In this column we have often brought up the topic of catastrophic illnesses ( heart attacks, traumatic injuries, chemotherapy and radiation for cancer etc), and how these illnesses may financially devastate a Nepali family. It was therefore welcome news to find out that for some years now in certain states in South India, the Arogya Shree scheme has been working to help families financially deal with these severe illnesses.
It is no surprise that in matters relating to health, South India is exemplary. In Andrha Pradesh and Karnataka the Arogya Shree scheme has been targeting impoverished people ( what these states term, BPL people, that is people below the poverty line) to provide them with quality medical care when dealing with catastrophic illnesses. This is a public- private partnership scheme which clearly delineates the different diseases and traumatic injuries it will help with. Package rates are offered for different procedures. For example there is a set fee that the government insurance will pay for common cardiovascular procedures such asangioplasty and stent placement to pacemaker implantation to coronary artery bypass graft surgery (CABG). There is also follow up that is included in this scheme. The scheme in general provides two lakhs for each family per year plus an additional sum of Rs 50,000 on recommendation of a technical committee set up by the scheme.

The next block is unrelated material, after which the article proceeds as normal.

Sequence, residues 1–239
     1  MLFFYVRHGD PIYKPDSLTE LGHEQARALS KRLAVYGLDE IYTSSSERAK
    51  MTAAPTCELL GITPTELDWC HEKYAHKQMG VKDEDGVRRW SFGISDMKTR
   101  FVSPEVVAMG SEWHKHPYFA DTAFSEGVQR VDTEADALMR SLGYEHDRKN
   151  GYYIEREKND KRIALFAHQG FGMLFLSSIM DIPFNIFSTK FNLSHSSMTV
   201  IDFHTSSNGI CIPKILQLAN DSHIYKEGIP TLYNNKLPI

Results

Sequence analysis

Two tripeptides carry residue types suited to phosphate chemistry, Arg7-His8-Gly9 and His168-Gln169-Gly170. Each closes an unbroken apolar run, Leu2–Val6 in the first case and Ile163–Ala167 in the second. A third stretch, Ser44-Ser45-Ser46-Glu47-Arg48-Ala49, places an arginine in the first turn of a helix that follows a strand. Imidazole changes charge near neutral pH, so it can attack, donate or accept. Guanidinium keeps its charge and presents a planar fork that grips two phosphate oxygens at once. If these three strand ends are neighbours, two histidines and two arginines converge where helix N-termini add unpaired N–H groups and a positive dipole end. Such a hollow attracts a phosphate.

In Nepal as things stand you have to be financially well- off, or politically well- connected to be able to pay up when your family has to deal with a catastrophic illness. Otherwise it is the old story about borrowing money, selling off your land, cattle or jewelry(if you possess them) to pay for the hospital fees.
In countries like India ( and now Nepal too), it is ironical that many of the latest expertise and equipment are available to deal with many life- threatening illnesses. Witness the growth of the well- appointed hospitals in this part of the world. In fact medical tourism is flourishing in many parts of India. But despite the availability of these personnel and modern equipment, there is no insurance coverage for the average person to avail themselves of these services without resorting to desperate measures. Other states in India are also trying to simulate this successful scheme from Andrha Pradesh and Karnataka to deal with burgeoning health costs in the face of a catastrophic illness. In the news recently we have heard that Nepal is also trying to have universal health insurance. So along these lines theNepali government, industrialists, and perhaps even thedonor agencies need to seriously start thinking about how to build a Nepali Arogya Shree.